“Where are the donation envelopes?”
“We don’t have any.”
“Are you freaking kidding me?”
“Where are people supposed to donate their money?”
Fundraising for non-profits – I am passionate about it. I have been doing it for a long time.
I’m a well-oiled fundraising/branding machine and I’m good at it. I go into a situation and immediately assess a few things.
First, I identify the problem areas. Usually, the image needs tweaking and the mission for the campaign needs to be clearer/updated/pertinent to more people than the smaller, inner circle. (And a huge “problem area” for raising money is usually the people that are in positions of power within the organization. They are the worst fundraisers because the reason funds need to be raised usually keeps these fine ladies and gents awake at night. They have been crunching numbers, begging, pleading for so long, they are death gripping the steering wheel…and it’s hard to get them to let go. Hard, but necessary.)
Second, I look at the organization’s strengths and weaknesses. I am ready to tell anyone who will listen the strengths and I am creative about what they are. I am also ready to defend the weaknesses with as much Texas charm as I can put on. (Always a challenge these days when the organization has a religious affiliation and what a horrible commentary that is on our society. Horrible these faith workers have to stop their good deeds to raise money and horrible we are embarrassed to claim “Jewish” or “Christian” or “Muslim” ties. Great thing about me, I’m a religious pluralist. I don’t have an issue with a person’s faith. I got a Jewish guy to donate 250K to a church in NYC. True story.)
Step five or six is my favorite. That’s when I have a peek at the existing donor base. It’s usually full of devoted people that have been approached for money every time there’s a crisis. Once I start working, I immediately call these people, thank them, and let them know we’re not interested in them…just their contacts. (True story, again.)
Then, I get to work. I don’t ask a lot of questions, I don’t need a ton of help (just a good, tight team), and I don’t need to be paid for it.
When I leave a project, the goal has always been met (or exceeded). Here’s what I mean by “goal.”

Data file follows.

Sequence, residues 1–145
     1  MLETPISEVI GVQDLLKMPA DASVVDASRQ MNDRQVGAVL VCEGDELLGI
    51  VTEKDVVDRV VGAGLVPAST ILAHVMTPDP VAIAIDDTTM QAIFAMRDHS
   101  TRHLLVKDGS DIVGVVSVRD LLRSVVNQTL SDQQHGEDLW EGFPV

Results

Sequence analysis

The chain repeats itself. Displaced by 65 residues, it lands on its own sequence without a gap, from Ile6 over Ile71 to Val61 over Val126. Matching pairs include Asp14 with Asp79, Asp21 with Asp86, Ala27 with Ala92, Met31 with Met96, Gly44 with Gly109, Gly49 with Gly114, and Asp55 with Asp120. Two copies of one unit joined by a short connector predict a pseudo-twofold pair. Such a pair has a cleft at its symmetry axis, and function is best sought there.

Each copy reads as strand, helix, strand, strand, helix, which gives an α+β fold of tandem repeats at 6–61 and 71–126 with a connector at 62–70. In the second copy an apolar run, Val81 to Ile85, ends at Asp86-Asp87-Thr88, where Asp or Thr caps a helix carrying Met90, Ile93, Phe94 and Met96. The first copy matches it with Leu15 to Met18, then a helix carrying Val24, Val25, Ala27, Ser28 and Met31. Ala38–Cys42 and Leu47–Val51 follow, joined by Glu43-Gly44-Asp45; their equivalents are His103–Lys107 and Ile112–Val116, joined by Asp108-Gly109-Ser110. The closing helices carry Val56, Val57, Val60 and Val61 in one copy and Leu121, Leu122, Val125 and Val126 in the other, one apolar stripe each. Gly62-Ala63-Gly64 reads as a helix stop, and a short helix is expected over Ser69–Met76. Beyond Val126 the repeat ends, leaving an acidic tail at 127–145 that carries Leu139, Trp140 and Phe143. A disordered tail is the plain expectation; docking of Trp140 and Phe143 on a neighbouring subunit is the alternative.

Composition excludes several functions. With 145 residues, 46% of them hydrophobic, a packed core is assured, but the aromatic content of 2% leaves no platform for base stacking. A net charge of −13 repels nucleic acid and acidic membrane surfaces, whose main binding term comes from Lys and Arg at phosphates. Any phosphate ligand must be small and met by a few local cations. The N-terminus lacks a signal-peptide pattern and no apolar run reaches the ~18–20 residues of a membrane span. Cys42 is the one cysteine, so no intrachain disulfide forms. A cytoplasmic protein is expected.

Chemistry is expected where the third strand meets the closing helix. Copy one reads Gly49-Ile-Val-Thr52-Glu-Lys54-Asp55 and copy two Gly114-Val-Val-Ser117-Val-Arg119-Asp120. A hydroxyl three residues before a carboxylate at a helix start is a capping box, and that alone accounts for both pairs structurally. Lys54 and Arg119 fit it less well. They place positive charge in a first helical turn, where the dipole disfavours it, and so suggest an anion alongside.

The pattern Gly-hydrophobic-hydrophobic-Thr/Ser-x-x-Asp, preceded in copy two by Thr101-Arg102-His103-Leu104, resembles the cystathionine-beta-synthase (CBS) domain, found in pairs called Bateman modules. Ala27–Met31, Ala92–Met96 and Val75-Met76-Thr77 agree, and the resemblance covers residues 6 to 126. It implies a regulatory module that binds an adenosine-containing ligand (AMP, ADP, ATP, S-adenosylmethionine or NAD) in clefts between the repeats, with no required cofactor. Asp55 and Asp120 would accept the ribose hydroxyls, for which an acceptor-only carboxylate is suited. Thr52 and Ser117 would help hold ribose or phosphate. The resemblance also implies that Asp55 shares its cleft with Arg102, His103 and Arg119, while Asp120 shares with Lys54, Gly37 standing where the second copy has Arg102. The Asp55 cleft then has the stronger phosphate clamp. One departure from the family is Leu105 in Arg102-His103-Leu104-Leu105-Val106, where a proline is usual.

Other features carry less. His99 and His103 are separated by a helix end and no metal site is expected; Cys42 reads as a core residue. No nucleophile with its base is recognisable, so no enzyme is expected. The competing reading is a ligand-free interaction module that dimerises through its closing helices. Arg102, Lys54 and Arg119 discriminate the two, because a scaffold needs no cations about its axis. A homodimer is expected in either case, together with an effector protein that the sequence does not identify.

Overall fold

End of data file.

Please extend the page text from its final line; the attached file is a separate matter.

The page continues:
I don’t aim for big money donors. Naturally, I want to (and do) get the money needed. However, with my strategy, I get both the money I need and something far better than that…I get loyalty.
I will have a street fair, a book drive, a 2nd-hand shoe bazaar, a FB fan page, a Twitter hashtag, I don’t care…I don’t want the 1% of givers. I want the other 99%. I don’t want a lot of their money, just a little.
It’s their loyalty I want. I want them to get so passionate about the project, they cannot help but, as Bubs would say, “get involved.” I want the leaders of the organization NOT to have to repeat the fundraising in 10 years because only 8 people donated 8 million. I want a database. When a catastrophe hits, there are 8 MILLION PEOPLE READY TO GIVE. See how it goes? (Okay, 8 million is a lot, but it was a great image, right?)
I cannot imagine anything worse than hearing, “We are targeting a few key donors” when a fundraising project has started. Well, worse than that is probably, “We’re keeping the project hush-hush for a few months.” No, worse than both, “We don’t need your help.” That is something I would never say to a volunteer offering his or her time/talents or a person with only 5 cents to give.
Things need to change in fundraising. Obama’s campaign taught me that my gut instinct was right. It’s about the kid that gives 2CHF or $1.50 from his piggy bank. He’s gonna grow up and love the Hospice or CBSM or Genesis or St. John’s and and and. I need that kid.
And when that kid introduces me to his multi-billionaire granddad, I’ll smile and tell him, “Give us what you can, but just get involved, okay?”
He’ll give money, too. Know why? Because they both believe me. It’s easy to convince people when you’re authentic and honest…and real.